In six victories this season, Peterson averages 17.6 fantasy points and 22.8 touches per game. In seven losses, Peterson averages 8.8 fantasy points and 11.7 touches per game. Gamescript is unlikely to be good this week, with Josh Johnson at quarterback and Jacksonville favored by seven points. Peterson is an easy fade.
James White, RB, New England Patriots
White is still a “start” in a lot of leagues but is worth bumping down into the mid-RB2-range in PPR leagues. His role just isn’t as valuable as it was when Rex Burkhead was out of the lineup. Over the last five weeks he ranks just 28th in expected fantasy points per game (11.2).
All Los Angeles Rams wide receivers
All of Los Angeles’ wide receivers are in play this week, in what should be a get-right spot for Jared Goff. Philadelphia is giving up the third-most fantasy points per game to opposing left wide receivers (Brandin Cooks) and the most fantasy points per game to opposing right wide receivers (Josh Reynolds). Philadelphia has been much better to slot wide receivers (Robert Woods), but slot cornerback Cre’Von LeBlanc isn’t really someone to be feared, signed off the street a little over a month ago. Woods has also seen tremendous volume in recent weeks, ranking third among wide receivers in expected fantasy points per game (20.7) since Cooper Kupp‘s injury.
Despite busting last week and a much tougher matchup coming this week (in Baltimore), Godwin should still be started as a mid-range WR2 if DeSean Jackson sits out again (likely). I wrote in this week’s Actual Opportunity report:
“In the five games Jackson or Evans has missed over the past two years, Godwin averages 16.8 expected and 14.5 actual fantasy points per game. Across these five games, he’s also averaged 135.6 air yards, 8.8 targets, 1.4 end-zone targets, and 2.4 deep targets per game. Essentially, that’s good for low-end WR1 numbers.”
If Gordon plays, you’re of course left with no other option but to start him as a mid- to high-end RB1 – luckily, we’ll know on Thursday whether he’s playing. If he’s out, with Austin Ekeler confirmed out already, Jackson needs to be started as a high-end RB2. With Detrez Newsome (11 career snaps) the only other running back on the roster, Los Angeles will have little choice but to use Jackson as a do-it-all bell cow. He’s averaging 5.1 yards per carry (27 carries for 139 yards and a score) and has caught all five of his targets for 61 yards. This week, in a game with the highest over/under of the week, he draws a Kansas City defense giving up the second-most fantasy points per game to enemy running backs.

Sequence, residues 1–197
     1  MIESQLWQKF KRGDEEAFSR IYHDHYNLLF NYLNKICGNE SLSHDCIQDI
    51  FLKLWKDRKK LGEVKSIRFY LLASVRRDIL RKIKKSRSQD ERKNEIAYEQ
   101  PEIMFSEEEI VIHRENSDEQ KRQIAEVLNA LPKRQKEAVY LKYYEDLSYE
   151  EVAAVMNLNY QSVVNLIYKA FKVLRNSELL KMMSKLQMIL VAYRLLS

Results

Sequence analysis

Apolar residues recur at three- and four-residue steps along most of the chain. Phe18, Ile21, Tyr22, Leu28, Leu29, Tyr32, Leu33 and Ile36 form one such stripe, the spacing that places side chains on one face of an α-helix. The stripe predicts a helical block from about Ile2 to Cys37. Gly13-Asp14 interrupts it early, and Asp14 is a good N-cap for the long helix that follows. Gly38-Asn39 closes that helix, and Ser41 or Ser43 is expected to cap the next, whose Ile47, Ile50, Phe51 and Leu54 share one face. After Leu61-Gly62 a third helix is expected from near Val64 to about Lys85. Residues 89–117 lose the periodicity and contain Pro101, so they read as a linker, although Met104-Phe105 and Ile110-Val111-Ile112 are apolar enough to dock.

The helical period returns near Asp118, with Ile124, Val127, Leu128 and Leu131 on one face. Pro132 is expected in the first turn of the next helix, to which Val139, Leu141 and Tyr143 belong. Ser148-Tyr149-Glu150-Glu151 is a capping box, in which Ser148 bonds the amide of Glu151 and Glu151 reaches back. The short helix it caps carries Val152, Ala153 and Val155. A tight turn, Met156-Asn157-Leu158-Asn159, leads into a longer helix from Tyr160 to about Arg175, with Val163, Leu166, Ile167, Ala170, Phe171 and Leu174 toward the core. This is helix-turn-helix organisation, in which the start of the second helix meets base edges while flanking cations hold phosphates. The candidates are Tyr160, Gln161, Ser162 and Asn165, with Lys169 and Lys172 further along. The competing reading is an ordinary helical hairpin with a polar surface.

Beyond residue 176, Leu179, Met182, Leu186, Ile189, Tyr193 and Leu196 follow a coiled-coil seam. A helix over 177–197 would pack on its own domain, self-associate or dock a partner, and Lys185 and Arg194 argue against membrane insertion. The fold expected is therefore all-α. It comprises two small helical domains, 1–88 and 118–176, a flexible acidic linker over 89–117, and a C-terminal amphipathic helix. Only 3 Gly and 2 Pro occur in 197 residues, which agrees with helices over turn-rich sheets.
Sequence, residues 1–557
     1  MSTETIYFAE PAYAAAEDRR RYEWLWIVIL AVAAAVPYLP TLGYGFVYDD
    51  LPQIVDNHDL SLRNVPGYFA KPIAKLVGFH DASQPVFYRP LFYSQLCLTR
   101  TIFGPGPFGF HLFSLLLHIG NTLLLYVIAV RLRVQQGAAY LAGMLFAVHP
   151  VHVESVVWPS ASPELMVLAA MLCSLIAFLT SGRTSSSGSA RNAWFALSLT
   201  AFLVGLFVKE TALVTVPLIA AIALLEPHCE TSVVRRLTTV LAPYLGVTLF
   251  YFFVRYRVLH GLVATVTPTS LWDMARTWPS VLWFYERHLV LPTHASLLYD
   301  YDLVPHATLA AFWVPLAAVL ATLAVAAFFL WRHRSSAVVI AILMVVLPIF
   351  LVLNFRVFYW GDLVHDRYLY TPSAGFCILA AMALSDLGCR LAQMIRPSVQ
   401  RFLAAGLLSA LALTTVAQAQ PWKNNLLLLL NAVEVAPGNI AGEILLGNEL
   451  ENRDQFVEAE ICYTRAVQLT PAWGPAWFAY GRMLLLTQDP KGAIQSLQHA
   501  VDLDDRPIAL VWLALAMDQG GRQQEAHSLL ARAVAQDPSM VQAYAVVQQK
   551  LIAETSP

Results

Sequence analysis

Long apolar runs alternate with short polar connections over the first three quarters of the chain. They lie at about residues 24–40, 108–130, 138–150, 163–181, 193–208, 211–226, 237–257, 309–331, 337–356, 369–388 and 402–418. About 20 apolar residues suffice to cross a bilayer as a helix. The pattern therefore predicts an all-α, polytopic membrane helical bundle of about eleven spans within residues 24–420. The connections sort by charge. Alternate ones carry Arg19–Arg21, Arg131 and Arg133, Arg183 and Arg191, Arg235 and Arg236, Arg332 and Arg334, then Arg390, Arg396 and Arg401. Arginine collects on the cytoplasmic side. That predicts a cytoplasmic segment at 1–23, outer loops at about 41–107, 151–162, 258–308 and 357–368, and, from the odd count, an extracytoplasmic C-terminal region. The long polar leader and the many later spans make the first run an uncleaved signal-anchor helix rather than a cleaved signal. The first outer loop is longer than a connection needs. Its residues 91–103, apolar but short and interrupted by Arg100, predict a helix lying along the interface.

Wilson totaled 13.5 expected fantasy points in Week 14, which ranked only 20th at the position, but looks better in terms of market share. He played on 86% of the snaps and saw 85% of the team’s running back expected fantasy points. He’s a high-end RB2 this week if Breida is out again. If Breida plays, Wilson is better left on your bench, while Breida himself becomes a mid-range RB2. Breida ranks second-best in yards per carry (5.6) and is our 13th-highest-graded running back this year but has not seen a significant workload in any game this year. Though this might be injury-related, Breida’s exceeded 50% of the snaps just twice and maxed out at 63% in Week 4. Still, I like the matchup – Breida and Wilson combined to drop 191 yards on Seattle in Week 13, and Seattle ranks second-worst in schedule-adjusted fantasy points per game to opposing running over their last five games.
Despite battling through various injuries, Cook has played well this year, ranking third of 50 qualified running backs in missed tackles forced per touch (0.24). Now, he appears to be nearing full health, and volume has never been better. Over the past two weeks, Cook averages 19.4 expected fantasy points per game (sixth-best) while playing on 82% of the snaps and drawing 88% of the team’s running back expected fantasy points. There’s a concern this is mostly related to negative gamescript, and Latavius Murray is still a threat to vulture touchdowns, but Cook does have a good matchup this week. Miami is giving up the seventh-most fantasy points per game to opposing running backs.